Summary of the Truly Agreed Version of the Bill


HB 1219 -- UNLAWFUL DISCRIMINATORY EMPLOYMENT PRACTICES


                 (Vetoed by the Governor)


This bill changes the laws regarding unlawful discriminatory

employment practices under the human rights laws and establishes

the Whistleblower’s Protection Act.


UNLAWFUL DISCRIMINATORY EMPLOYMENT PRACTICES UNDER THE HUMAN

RIGHTS LAWS


The bill:


(1) Specifies that the term "because” or "because of,” as it

relates to a decision or action, means that the protected

criterion was a motivating factor unless the decision or action

has an adverse impact on the protected criterion, in which case,

courts must rely heavily on judicial interpretation of specified

federal civil rights and employment discrimination laws;


(2) Revises the term "employer" by specifying that it is a

person engaged in an industry affecting commerce who has six or

more employees for each working day in each of 20 or more weeks

in the current or preceding year and does not include an

individual employed by an employer; certain tax-exempt private

membership clubs, excluding labor organizations; or corporations

and associations owned and operated by religious or sectarian

groups;

 

(3) Specifies that any party to specified unlawful discriminatory

practice actions may demand a trial by jury;

 

(4) Specifies that an award of damages may include all future

pecuniary losses, emotional pain, suffering, inconvenience, mental

anguish, loss of enjoyment of life, and other nonpecuniary losses,

and punitive damages;

 

(5) Specifies that the amount of damages awarded for each plaintiff

cannot exceed the amount of the actual back pay plus interest, other

equitable relief, court costs, reasonable attorney fees, and other

damages of up to $50,000 in the case of an employer with six to 100

employees in each of 20 or more weeks in the current or preceding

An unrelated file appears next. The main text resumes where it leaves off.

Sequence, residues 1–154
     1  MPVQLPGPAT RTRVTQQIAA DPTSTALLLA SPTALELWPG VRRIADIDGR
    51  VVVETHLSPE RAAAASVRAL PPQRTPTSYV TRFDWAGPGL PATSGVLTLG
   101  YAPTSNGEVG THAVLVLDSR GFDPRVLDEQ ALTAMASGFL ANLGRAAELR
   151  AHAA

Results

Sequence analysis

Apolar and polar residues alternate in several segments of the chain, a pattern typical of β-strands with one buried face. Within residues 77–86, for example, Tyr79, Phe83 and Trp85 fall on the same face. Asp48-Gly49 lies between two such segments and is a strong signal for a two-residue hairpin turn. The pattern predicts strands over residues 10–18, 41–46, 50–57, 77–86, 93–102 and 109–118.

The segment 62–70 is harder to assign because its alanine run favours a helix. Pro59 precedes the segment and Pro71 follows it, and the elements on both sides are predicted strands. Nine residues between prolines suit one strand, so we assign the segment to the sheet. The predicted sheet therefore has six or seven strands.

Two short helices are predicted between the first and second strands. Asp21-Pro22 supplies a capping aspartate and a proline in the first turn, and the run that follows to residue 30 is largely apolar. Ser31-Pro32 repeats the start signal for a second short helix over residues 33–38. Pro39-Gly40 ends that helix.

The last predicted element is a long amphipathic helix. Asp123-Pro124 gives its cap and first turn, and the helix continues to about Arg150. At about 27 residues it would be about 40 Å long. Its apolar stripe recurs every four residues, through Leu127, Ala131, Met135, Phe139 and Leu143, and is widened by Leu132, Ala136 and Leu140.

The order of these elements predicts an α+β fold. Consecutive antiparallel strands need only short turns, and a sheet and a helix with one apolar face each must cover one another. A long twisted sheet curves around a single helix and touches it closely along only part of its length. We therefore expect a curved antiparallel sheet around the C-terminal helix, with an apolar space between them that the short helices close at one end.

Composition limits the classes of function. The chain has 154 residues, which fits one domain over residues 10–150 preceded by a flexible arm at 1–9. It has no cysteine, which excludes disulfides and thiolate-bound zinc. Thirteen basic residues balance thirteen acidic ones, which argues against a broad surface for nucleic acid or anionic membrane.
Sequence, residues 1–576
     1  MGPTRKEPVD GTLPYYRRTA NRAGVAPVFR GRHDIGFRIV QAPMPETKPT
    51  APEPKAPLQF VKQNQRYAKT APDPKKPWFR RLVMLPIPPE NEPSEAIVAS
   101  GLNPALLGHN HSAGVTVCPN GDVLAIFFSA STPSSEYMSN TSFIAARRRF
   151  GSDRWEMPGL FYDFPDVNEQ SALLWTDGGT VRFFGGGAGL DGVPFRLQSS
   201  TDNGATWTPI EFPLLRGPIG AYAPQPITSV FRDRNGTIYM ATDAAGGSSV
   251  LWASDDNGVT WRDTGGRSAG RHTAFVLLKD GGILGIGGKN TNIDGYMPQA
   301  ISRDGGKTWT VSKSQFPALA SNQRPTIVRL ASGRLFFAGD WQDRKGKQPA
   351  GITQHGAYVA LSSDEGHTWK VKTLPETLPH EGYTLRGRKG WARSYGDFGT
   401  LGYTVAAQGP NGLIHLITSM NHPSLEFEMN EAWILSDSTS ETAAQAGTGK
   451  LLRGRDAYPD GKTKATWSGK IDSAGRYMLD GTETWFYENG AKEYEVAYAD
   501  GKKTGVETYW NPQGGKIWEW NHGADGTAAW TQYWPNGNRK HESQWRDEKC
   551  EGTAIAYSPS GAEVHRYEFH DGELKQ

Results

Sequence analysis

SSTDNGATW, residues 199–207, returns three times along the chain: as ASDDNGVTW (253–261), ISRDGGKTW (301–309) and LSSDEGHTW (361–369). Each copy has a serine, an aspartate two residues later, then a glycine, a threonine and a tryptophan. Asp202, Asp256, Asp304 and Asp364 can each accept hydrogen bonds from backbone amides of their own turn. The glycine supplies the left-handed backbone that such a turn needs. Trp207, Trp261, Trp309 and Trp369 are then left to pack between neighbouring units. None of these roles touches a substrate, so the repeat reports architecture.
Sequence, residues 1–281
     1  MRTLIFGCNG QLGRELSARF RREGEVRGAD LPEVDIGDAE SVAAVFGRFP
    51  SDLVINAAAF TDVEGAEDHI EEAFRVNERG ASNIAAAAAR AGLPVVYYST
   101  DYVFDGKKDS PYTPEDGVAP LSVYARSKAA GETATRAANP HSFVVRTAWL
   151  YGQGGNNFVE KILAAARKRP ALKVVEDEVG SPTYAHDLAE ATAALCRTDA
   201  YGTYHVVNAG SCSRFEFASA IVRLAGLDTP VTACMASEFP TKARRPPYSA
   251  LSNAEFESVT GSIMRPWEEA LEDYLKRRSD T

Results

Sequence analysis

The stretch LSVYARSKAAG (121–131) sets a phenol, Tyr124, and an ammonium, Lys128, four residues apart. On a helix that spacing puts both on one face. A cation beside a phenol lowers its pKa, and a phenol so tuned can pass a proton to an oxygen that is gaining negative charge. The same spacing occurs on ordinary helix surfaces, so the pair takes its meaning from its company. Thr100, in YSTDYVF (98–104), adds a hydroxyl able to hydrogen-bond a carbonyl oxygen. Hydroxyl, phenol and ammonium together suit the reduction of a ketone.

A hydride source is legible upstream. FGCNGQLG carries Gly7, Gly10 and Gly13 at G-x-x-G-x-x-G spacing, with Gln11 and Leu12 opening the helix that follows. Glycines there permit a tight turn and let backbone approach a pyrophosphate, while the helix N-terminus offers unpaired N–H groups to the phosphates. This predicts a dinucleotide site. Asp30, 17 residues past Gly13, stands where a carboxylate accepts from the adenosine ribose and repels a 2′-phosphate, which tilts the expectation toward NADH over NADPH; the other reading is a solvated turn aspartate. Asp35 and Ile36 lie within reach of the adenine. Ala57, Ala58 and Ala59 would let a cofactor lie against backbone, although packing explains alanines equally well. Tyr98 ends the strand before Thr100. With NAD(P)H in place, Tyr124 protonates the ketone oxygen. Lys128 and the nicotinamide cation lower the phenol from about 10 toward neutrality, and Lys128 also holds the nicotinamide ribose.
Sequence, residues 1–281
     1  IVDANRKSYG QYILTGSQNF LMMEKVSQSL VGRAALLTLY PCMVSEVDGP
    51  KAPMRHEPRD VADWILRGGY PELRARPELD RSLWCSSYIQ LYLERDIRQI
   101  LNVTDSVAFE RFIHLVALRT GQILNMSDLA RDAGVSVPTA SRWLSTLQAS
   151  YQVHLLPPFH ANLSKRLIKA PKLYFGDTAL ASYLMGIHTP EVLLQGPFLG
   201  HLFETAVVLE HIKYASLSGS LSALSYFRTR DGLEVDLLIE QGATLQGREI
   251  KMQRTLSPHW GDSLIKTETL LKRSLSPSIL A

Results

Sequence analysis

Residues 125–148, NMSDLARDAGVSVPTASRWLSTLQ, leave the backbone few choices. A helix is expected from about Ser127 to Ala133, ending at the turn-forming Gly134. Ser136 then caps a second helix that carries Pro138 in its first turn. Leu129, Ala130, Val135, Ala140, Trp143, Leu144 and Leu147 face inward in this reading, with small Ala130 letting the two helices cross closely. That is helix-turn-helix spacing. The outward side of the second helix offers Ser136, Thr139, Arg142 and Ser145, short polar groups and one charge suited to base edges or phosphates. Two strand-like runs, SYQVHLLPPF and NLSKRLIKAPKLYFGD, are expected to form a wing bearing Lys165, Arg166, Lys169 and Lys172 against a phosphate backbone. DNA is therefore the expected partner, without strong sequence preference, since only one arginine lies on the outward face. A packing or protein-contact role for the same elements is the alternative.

calendar year; up to $100,000 for an employer with 101 to 200

employees; up to $200,000 for an employer with 201 to 500 employees;

and up to $300,000 for an employer with more than 500 employees.

The limits must increase and decrease in the same amounts as any

corresponding limits are changed in Section 42 U.S.C. 1981a(b)(3);

 

(6) Prohibits punitive damages from being awarded against the state

or any of its political subdivisions except for claims for discriminatory housing practices authorized in Section 213.040,

RSMo; and

 

(7) Specifies that the provisions regarding damage awards do not

apply to an alleged violation of Section 213.040, unlawful housing

practices; Section 213.045, discrimination in commercial real estate

loans; or Section 213.050, discrimination in real estate sales and

rental organizations. The provisions will apply, however, to an

alleged violation of Section 213.070, other specified unlawful

discriminatory practices by an employer.

 

WHISTLEBLOWER’S PROTECTION ACT

 

The Whistleblower’s Protection Act is established, which places in

statute existing common law exceptions to the at-will employment

doctrine, making it an unlawful employment practice for an employer

to discharge or retaliate against an individual who is a protected

person. The bill:

 

(1) Specifies that the term "because" or "because of,” as it

relates to a decision or action, means the person’s status as a